Block on Trump's Asylum Ban Upheld by Supreme Court
When you think "Friday the 13th," you think of Jason Vorhees, stalking victims with a butcher knife from behind a hockey mask. But true fans remember that Jason wasn't the featured mass killer in the film that begat the franchise, and in fact barely appeared in it at all. Those fans may also remember that the film premiered almost 40 years ago.
Both of those facts, though, carry a lot of significance for Victor Miller, who wrote the screenplay in 1979. Miller was finally able to claw back, so to speak, his copyrights to the movie. But how far do those rights extend?
"Nearly 40 years ago," U.S. District Court Judge Stefan Underhill's opinion in the case begins, "a screenplay was written about Camp Crystal Lake. The film created from the screenplay went on to significant commercial success. Lurking below that peaceful surface, however, was the Copyright Act's termination right, waiting for just the right moment, when it would emerge and wreak havoc on the rights to the screenplay."
While Miller sold the rights to his screenplay for $9,282 in 1979, the Copyright Act (passed in 1978) gave writers the ability to terminate grants of their copyright interests and reclaim their copyrights thirty-five years after they first transferred their rights. Miller intended to reclaim the copyright to "Friday the 13th," but the studios who currently owned those interests, Horror, Inc. and Manny Company, sued the screenwriter, claiming Miller was an employee when he prepared the screenplay, and thus never held authorship rights in the work.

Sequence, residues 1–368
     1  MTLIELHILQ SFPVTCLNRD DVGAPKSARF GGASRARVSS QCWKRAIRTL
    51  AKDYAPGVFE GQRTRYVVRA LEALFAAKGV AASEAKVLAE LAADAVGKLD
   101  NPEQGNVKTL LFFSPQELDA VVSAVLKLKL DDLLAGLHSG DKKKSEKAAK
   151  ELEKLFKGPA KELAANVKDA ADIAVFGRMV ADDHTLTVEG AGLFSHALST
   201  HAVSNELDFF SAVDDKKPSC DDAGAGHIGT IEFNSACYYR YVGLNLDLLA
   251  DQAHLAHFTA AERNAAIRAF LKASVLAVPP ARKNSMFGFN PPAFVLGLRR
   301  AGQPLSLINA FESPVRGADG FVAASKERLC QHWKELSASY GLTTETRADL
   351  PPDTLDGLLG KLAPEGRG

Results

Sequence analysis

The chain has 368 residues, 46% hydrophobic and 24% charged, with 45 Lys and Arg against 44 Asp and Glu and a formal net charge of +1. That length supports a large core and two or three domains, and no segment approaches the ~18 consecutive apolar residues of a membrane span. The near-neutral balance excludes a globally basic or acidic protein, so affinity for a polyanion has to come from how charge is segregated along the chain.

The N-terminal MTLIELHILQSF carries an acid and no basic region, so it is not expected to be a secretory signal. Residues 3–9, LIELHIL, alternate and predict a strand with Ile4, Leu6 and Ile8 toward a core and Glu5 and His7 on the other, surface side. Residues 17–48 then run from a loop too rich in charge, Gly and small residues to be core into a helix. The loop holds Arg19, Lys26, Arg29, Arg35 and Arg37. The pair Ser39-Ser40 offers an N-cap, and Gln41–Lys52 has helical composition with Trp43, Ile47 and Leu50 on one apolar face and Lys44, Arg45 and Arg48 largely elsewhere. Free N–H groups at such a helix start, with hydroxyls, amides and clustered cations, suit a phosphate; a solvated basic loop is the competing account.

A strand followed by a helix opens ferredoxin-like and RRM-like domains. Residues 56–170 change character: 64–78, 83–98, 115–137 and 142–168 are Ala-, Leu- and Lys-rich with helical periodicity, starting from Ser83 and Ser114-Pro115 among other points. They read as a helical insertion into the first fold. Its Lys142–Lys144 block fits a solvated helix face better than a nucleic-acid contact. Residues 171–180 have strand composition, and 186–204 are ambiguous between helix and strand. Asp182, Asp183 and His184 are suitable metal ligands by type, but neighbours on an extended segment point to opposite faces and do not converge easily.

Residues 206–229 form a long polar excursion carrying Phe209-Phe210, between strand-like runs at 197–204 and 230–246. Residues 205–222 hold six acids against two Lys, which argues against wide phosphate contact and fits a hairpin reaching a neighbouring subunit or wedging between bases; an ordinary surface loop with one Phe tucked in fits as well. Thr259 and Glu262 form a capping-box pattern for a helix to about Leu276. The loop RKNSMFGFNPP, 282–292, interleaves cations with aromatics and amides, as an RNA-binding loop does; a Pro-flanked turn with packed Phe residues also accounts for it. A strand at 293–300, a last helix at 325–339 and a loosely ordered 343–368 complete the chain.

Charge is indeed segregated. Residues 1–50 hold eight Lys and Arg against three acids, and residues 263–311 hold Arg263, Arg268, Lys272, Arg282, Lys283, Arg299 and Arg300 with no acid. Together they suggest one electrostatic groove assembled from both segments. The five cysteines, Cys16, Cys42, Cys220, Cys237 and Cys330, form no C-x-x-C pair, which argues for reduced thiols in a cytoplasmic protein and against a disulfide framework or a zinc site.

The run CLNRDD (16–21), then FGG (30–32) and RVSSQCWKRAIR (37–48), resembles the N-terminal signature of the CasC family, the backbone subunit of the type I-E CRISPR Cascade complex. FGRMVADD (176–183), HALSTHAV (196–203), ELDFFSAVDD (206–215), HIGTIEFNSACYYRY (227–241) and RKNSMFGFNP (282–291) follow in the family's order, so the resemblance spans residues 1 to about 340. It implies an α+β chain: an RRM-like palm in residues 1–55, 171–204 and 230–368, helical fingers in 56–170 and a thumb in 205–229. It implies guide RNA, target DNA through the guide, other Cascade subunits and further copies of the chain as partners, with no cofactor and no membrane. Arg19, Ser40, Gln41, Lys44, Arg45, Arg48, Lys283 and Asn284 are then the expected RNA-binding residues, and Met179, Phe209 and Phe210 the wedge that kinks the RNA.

The opinion, issued on the un-scary Friday the 28th, has none of the same tension as the film, and really comes down to whether Miller was an employee or an independent contractor when he wrote the screenplay. The studios, of course, argued that the film has always been theirs because Miller was a for-hire employee. But Underhill was not convinced:
Manny did not directly provide Miller with any traditional employee benefits (e.g., vacation pay or plans, health care plans, insurance plans, pension plans) during his brief period of work on the treatment and screenplay ... Manny also paid Miller the lump sum payments due to him under the agreement without any deductions or withholding for taxes, Social Security or Medicare.
Finding that Miller was an independent contractor at the time, Underhill granted Miller sole copyright in the "Friday the 13th" screenplay. But what about his rights to Jason? "I also decline to analyze the extent to which Miller can claim copyright in the monstrous 'Jason' figure present in sequels to the original film," Underhill wrote:
Horror may very well be able to argue that the Jason character present in later films is distinct from the Jason character briefly present in the first film, and Horror or other participants may be able to stake a claim to have added sufficient independently copyrightable material to Jason in the sequels to hold independent copyright in the adult Jason character. That question is not properly before the court in this case, however. Miller's termination notices apply only to the copyright in the screenplay for the first film, and did not purport to terminate a separate copyright in the adult Jason character present in later films. Adjudication of the status of any copyright in the adult Jason character will have to await a ripe dispute with respect to that issue.
I guess we'll just have to wait for the sequel ...
Meeting with a lawyer can help you understand your options and how to best protect your rights. Visit our attorney directory to find a lawyer near you who can help.